It’s often a temptation to use foreign phrases in a novel to add authenticity.
If you set your story in Paris, for example, adding some dialogue in French might seem like a good idea.
However, there are some traps that you can fall into that could have a negative effect on your readers.
When you are considering using foreign expressions or phrases, you need to take a little extra care.
Will readers understand foreign phrases?
You might think it’s a great idea to use a sentence in another language.
But are you sure that your readers will understand what it means? For well-known expressions, it might be appropriate.
However, for a longer sentence, there is a danger that some readers won’t understand it.
Here’s an example of a simple question.
“À quelle heure part le prochain train pour Lyon ?” he asked.
It might be better to avoid a sentence such as this by rephrasing it in reported speech.
He asked me in French, but I understood that he wanted to know when the next train to Lyon was leaving.
There is also the possibility that your question in French might not be commonly used. Perhaps there is a better alternative.
Vous savez à quelle heure est le train pour Lyon?
Only a French speaker could help you make a decision such as this.
Never trust Google Translate
It stands out like a sore thumb in a novel when an author relies on online translation.
So often, a phrase is in the wrong level of formality, incorrect gender, does not fully consider the subtleties of cultural behavior, does not take the context into account, or is a phrase that is rare in everyday use.
In other words, it just doesn’t fit.
Here’s an example of how things can go wrong.
A simple question such as what’s your name is an excellent example of the weakness of online translation.
There are at least five ways to ask this simple question in French, and each one depends on context.
Are you asking a child, an adult, a police officer, or a new client?
Quel est votre nom ?
Quel est ton nom ?
Comment vous appelez vous ?
C’est quoi ton nom?
Votre nom, s’il vous plaît?
If you use Google Translate, you can run into so many issues like this.
Translating English modal verbs like can and could is another problem that online translation struggles to get right.
Google Translate is a terrific tool to use if you are doing research for your book. But other tools, such as Linguee, provide more context.
If you find useful sites in another language when researching for your book, you can quickly get an English version.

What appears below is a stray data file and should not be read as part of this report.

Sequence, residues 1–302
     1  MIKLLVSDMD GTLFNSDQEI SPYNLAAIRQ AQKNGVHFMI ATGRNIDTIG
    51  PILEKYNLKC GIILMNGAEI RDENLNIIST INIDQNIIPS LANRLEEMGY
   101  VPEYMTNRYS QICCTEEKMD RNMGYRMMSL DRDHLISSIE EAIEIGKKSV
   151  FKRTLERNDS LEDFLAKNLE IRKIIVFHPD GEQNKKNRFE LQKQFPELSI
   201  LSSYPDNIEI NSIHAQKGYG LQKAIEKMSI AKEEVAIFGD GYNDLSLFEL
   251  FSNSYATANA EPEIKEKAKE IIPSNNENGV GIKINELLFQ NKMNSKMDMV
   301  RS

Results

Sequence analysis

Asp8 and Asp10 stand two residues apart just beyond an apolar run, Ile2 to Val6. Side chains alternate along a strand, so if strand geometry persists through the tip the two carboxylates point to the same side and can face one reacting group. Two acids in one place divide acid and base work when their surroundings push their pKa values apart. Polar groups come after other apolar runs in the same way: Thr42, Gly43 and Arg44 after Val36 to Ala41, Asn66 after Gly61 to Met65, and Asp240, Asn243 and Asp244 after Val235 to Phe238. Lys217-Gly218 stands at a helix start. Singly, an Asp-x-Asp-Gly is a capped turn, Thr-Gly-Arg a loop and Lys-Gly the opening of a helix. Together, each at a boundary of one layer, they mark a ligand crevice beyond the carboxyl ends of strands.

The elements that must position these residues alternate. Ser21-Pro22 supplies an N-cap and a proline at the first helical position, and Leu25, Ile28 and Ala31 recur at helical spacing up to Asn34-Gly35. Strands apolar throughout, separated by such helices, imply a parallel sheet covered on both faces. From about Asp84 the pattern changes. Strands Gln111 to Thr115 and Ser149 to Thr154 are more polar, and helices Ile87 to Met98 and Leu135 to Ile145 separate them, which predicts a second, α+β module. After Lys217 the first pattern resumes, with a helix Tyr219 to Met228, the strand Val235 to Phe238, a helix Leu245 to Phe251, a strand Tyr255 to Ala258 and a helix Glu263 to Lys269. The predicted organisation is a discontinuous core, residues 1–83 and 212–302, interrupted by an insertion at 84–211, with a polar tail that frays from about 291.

I get emails in French and German, so for me, both Google Translate and Linguee are tools I use frequently.
They are great tools for reading but not so reliable for translating text in context if you don’t have a good knowledge of the language.
How can you get foreign phrases right?
The only way to be sure is to seek help from a native speaker in the language you intend to use.
While the two sentences below have the same meaning, which one would best fit the context of your writing.
Je suis désolé, mais je ne vois pas de réservation pour vous.
J’trouve pas pas votre réservation!
Only someone fluent in the language can decide.
You can always find professional translators online.
But if you would prefer not to pay for the service, you could try your social media contacts.
If it’s only a few lines, you will probably find someone willing to help you.
A little goes a long way
There’s nothing wrong with using foreign phrases in a novel.
They can add a little “flavor” to your story, especially if you are writing about local food or wine.
Also, using a city or country name in the language can work well. Perhaps, Londres instead of London, or Royaume Uni in place of United Kingdom.
But when it comes to dialogue, it’s always better to use it in moderation.
Only use phrases or sentences that you think are necessary and that your reader will be able to understand easily.
If you use too much, you are bordering on writing a foreign language novel.
Make it easy to read your book.
When you add passages in a foreign language that are difficult to read, you stand a chance of losing your readers.
It’s similar to trying to write with an accent, which is sometimes referred to as eye dialect. It’s extremely difficult unless you really know what you are doing.
A far better way is to write your dialogue normally and then add, he said in his thick Yorkshire accent.
There’s no right or wrong way, but too much of anything is rarely a good idea.
Yes, add some foreign phrases for sure.
But double-check with someone who can confirm that they are correct and fit the context.
Related reading: Are Question Tags Effective In Your Dialogue Writing?